Hiatal hernias

Guys don't like to admit that they've got a stomachache. It's just not tough. That's why a hiatal hernia that triggers heartburn is usually ignored. If it is discovered, however, a simple surgery can cure it.

A hiatal hernia is a mechanical problem. Essentially, a portion of the stomach has pushed through a weakened patch of the diaphragm and into the chest cavity. This can cause acid reflux and some wicked heartburn.

Who has it?

Doctors estimate that about a quarter of all people over 50 have hiatal hernias.

Who's at risk?

Scientists aren't exactly sure what predisposes someone to developing a hiatal hernia, but if one of your relatives has had one, chances are higher that you could get one too.

Are there any symptoms?

Determining whether you have a hiatal hernia can be tricky. While some hernias may not have any symptoms, larger hernias can cause heartburn, chest pain and belching. The same symptoms can be caused by one too many slices of sausage pizza. If you experience them on a regular basis, though, they could point to a hernia.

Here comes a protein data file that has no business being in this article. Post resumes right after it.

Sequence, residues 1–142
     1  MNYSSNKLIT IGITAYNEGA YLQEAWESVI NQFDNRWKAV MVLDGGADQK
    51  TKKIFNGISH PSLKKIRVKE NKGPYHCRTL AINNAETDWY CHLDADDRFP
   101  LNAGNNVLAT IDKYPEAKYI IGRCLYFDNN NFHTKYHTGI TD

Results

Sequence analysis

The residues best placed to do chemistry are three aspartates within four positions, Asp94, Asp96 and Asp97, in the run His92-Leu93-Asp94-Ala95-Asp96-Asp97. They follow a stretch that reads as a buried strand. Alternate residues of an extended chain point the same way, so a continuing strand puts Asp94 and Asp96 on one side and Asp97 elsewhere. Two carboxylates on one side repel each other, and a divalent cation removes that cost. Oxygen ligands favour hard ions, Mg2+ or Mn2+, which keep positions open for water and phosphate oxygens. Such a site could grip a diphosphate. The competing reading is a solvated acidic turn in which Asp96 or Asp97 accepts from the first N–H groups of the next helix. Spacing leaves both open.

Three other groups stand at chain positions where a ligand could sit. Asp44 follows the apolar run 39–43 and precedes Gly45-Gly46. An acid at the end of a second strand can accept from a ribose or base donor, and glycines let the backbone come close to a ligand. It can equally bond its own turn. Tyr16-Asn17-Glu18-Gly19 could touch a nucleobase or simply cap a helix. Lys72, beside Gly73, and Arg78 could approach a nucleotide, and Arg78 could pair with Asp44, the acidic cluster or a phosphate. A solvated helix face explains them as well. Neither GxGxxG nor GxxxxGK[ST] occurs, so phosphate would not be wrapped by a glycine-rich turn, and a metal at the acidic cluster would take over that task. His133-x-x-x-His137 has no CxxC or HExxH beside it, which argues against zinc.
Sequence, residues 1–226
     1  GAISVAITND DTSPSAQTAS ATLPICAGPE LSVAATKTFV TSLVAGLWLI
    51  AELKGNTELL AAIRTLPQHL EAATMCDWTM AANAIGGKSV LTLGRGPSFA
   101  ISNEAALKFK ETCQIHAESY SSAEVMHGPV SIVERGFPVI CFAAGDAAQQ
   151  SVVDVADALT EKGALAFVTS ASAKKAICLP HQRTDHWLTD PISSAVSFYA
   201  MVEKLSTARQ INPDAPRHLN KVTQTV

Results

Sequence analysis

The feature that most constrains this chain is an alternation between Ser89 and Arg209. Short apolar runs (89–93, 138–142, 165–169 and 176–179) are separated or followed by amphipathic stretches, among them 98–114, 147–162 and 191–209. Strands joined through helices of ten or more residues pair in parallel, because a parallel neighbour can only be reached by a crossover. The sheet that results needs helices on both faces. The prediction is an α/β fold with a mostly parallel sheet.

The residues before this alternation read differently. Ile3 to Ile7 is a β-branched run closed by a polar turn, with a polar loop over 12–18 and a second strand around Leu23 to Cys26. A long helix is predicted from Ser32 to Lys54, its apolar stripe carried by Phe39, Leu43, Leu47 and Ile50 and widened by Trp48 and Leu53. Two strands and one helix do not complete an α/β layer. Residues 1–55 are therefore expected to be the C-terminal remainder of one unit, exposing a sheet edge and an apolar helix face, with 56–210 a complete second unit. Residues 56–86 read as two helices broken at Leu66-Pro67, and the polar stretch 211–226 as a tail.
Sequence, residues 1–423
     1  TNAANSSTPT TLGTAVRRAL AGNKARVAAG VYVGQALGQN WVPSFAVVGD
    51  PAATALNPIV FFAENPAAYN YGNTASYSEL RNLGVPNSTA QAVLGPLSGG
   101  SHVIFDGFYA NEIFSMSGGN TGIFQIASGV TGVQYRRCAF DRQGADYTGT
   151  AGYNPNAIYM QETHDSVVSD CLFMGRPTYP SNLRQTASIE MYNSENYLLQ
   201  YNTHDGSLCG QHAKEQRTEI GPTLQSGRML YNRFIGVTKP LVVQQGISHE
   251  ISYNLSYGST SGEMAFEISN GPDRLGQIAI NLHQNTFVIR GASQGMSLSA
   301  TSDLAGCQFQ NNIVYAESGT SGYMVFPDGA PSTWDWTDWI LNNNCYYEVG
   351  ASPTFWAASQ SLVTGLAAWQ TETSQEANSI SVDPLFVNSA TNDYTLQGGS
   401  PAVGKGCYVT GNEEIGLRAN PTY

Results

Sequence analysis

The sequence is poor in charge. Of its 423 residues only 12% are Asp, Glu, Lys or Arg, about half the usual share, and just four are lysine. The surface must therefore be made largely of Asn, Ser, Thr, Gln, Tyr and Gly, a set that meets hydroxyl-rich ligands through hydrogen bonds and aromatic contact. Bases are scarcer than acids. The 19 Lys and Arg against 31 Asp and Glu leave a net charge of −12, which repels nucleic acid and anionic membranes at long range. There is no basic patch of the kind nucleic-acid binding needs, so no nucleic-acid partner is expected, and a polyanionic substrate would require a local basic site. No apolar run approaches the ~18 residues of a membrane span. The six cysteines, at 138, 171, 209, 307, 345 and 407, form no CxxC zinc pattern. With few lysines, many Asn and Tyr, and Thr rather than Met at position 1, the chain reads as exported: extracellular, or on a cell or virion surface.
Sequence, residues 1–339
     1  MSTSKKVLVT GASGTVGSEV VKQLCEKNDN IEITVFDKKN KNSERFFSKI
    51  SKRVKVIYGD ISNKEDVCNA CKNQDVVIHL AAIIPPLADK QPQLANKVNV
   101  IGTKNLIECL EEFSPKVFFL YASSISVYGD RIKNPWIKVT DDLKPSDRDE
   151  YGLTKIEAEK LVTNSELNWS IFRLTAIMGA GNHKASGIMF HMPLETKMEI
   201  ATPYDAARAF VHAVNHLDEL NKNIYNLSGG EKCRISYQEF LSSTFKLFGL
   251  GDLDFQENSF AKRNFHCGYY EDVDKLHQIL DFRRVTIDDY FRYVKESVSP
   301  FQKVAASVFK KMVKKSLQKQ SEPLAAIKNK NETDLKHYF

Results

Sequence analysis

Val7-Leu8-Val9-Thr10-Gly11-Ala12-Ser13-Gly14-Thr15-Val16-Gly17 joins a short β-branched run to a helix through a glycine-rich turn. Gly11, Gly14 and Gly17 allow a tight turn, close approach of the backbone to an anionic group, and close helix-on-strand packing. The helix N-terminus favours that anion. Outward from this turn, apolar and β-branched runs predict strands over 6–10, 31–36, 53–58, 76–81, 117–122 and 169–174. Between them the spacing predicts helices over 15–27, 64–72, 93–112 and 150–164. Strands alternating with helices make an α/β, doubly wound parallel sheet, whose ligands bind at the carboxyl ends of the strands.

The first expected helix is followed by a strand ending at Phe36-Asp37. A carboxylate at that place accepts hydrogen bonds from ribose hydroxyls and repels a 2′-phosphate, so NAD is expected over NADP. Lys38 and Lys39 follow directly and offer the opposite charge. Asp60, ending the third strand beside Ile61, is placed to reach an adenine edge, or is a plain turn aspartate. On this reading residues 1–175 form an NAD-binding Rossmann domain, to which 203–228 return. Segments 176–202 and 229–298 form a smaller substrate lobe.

How is it diagnosed?
Doctors can use an x-ray or endoscope to find a hiatal hernia.

Are there any treatments?
The easiest way to treat a hiatal hernia is to avoid large or heavy meals and avoid lying down after eating. Weight loss can also help. Doctors may also tell you to take over-the-counter antacids or prescribe a more powerful medicine like H-2 blockers, which reduce the amount of acid in your stomach. Common H-2 blockers include Pepcid, Tagamet, Zantac, and Axid.

Proton pump inhibitors, also known as PPIs, may also be prescribed. They block acid production, giving your body time to repair any damage that acid indigestion may have caused. If you do all of these things and still have symptoms, your doctor may recommend a good surgeon who can repair the damage and effectively cure the hernia.